In 2019, SAQA is celebrating our 30th Anniversary! In honor of this milestone, we’re taking the opportunity to remember our wonderful Presidents.
The first President was Yvonne Porcella who served from 1989-2000.
Katie Pasquini Masopust was SAQA’s 2nd President, serving from 2000-2007. While Yvonne Porcella had focused on getting the organization up and running, Katie concentrated on growing the membership. Under her leadership, SAQA grew from around 500 members to more than 1,700!
SAQA’s 3rd President was Judith Content, who served from 2007-2009. Judith’s focus was on expanding and improving SAQA’s exhibitions program. She served as the first Chair of the Exhibition Committee and worked with Peg Keeney, Karey Bresenhan, Linda Colsh, Rose Hughes, and others to develop a strong program.
Lisa Chipetine was SAQA’s 4th President, serving from 2009-2010. Lisa’s specialty was technology, and she brought SAQA into the 21 Century. She also created a SAQA wiki and started a wonderful Visioning group to help members achieve their artistic goals.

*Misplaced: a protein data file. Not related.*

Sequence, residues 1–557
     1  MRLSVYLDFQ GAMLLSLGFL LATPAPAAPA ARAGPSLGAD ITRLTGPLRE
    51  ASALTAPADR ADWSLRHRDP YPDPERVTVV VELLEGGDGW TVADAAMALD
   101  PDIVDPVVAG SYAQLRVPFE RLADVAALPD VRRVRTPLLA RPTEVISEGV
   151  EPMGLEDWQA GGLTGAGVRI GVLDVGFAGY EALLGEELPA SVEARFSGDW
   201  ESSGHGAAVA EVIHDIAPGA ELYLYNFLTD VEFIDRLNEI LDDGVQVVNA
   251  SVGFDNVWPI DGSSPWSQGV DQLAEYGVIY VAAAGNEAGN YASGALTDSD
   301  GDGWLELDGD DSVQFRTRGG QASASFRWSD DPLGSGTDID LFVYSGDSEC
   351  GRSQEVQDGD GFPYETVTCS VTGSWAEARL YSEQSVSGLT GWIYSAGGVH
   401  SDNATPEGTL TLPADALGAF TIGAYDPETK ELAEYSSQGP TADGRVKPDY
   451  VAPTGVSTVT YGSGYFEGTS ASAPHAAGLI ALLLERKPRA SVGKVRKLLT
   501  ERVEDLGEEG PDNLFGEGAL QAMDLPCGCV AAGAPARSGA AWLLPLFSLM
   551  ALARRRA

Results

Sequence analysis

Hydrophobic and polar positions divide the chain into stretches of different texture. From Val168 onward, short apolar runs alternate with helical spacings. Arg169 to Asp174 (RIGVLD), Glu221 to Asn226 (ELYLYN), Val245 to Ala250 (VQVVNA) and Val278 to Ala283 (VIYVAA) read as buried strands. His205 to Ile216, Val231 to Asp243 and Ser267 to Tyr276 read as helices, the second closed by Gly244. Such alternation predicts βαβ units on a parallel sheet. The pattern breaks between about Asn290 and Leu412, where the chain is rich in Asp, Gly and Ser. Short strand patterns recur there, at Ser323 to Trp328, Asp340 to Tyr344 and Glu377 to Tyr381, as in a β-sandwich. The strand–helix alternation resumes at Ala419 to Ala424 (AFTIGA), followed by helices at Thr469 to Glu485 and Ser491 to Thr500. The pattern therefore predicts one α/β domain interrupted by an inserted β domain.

SAQA’s 5th President was Sandra Sider, who served from 2010-2013. Sandra led a capital campaign drive to set up an Endowment Fund for SAQA providing important financial security for the organization.
Kris Sazaki was SAQA’s 6th President, serving from 2013-2015. Kris led a team of Board members to review all of SAQA’s disparate policies and procedures. These had developed piecemeal over time and badly needed to be reconciled and organized.
Artistically, Kris works as part of a collaborative team with Deb Cashatt: The Pixeladies.
SAQA’s 7th President was Lisa Ellis, who served from 2015-2018. Lisa’s strength is strategic planning. She built on the foundations created by Kris Sazaki and guided SAQA’s Board through a multi-stage planning process.
SAQA’s current President is Lisa Walton, serving from 2018-2020. The focus of Lisa’s presidency is on encouraging the global growth of our organization. Though it was founded in the US, currently 22% of SAQA members live in other countries. Lisa’s goal is to increase that percentage to 30%.